On Indifference

I have spent the better part of a year attempting to fix something that was broken for a long time before I finally worked up the nerve to change my life.  Some tell me that celebrating this is essentially ridiculous because it’s celebrating a mistake, but of course, I haven’t viewed it that way.

I’ve carried this with me all of this time and I cannot tell you how relieved I am that I am almost completely done with it.  However, I have also come to the realization that dropping baggage is not just about ending a situation but about learning the Art of Indifference.

“What is the opposite of love,” a friend once challenged.

“Hate.”

“You’re vicious,” she said.  She wasn’t telling me something I didn’t already know.

“Well, it is.  Think about it.  Love is such an intense emotion so the opposite would be as well.”

“Not at all.  Think about it.  The opposite of love is indifference.  When you stop having any concern and you realize how insignificant that person or thing is, you’ve come to the opposite of love.”

“Whatever.”  I simply wasn’t ready to hear it.  It was a bad time in my life and this certainly wasn’t the consolation I was seeking.  But I kept it there, in the back of my mind.

I spent most of 2013 imagining creative and painful ways to exact revenge on someone.  This is something I used to spend a lot of time doing when it came to people that hurt me.  At some point, I decided to let ‘karma’ or the ‘universe’ handle situations but it didn’t stop the images from being conjured.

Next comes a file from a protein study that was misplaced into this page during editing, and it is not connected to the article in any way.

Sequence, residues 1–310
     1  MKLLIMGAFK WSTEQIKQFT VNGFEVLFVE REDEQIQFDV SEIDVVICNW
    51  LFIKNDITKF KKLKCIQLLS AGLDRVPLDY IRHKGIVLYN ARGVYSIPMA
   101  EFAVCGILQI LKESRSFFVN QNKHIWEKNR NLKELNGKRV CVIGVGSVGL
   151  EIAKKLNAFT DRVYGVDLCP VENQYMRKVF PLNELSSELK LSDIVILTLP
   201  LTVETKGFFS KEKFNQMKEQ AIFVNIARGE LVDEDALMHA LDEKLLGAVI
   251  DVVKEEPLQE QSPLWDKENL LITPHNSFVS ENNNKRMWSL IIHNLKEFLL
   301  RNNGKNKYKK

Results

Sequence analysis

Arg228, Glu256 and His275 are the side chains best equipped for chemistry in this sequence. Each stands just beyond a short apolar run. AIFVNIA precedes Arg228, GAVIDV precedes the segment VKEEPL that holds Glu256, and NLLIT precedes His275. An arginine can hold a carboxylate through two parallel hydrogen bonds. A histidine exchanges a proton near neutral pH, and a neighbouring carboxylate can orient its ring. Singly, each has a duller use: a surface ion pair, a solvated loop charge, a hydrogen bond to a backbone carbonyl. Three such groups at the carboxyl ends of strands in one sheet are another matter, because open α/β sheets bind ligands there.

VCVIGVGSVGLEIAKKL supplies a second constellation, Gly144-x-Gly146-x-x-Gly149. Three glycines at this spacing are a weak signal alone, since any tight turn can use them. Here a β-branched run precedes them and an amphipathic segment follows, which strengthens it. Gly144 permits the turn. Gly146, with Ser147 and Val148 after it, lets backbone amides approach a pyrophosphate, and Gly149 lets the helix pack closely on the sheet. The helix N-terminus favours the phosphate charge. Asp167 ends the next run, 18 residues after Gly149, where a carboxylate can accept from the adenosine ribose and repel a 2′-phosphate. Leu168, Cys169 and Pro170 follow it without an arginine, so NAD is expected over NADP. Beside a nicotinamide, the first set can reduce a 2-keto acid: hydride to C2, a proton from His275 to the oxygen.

Getting hit by a truck.  A train derailment because an operator was texting.  Broken limbs.  Maybe not even a brilliant death, but rather an extraordinary amount of pain.  Not the kind that would kill you; but the kind that would make you wish you were dead.

Hate is such a wasted emotion.  It saps your energy.  It keeps you from focusing on the other things you have going on in your life; maybe even preventing you from seeing the positive things.  It makes you bitter.  It makes you ugly.

And I finally realized that as excited as I was to receive the news yesterday, it really is bittersweet.  Not because I’m unhappy that it’s finally over (or getting damn close to being completely done), but because I had the wrong focus.  I was so focused on the journey it took to get here that all I could do was celebrate the light at the end of the proverbial tunnel.

At this point, celebrating is moot. I’m not yet indifferent.  Stuffing my face with my favorite red and pink Starburst aren’t going to make the hate go away (although I seriously appreciated the sweet gesture).  Having dinner and focusing on something else didn’t make me feel any less resentment.

But do you know what has helped?  Realizing that I do have power.  I theoretically have the power to control how I feel about something, how I think.  And that’s all I have, at least in this regard.

Love is a funny thing.  It’s not over until you feel absolute numbness at the thought of a person.  Nothing is unconditional and we only have the semblance of control over the things that happen to us.

I’m grateful for the people around me that have helped me grow.  One in particular that challenged those negative emotions, kept me from focusing on them and helping me see that none of this was cause for celebration.  Reflection, yes.  Learning from it, absolutely.

But celebrating the destruction of something?  Not cool at all.

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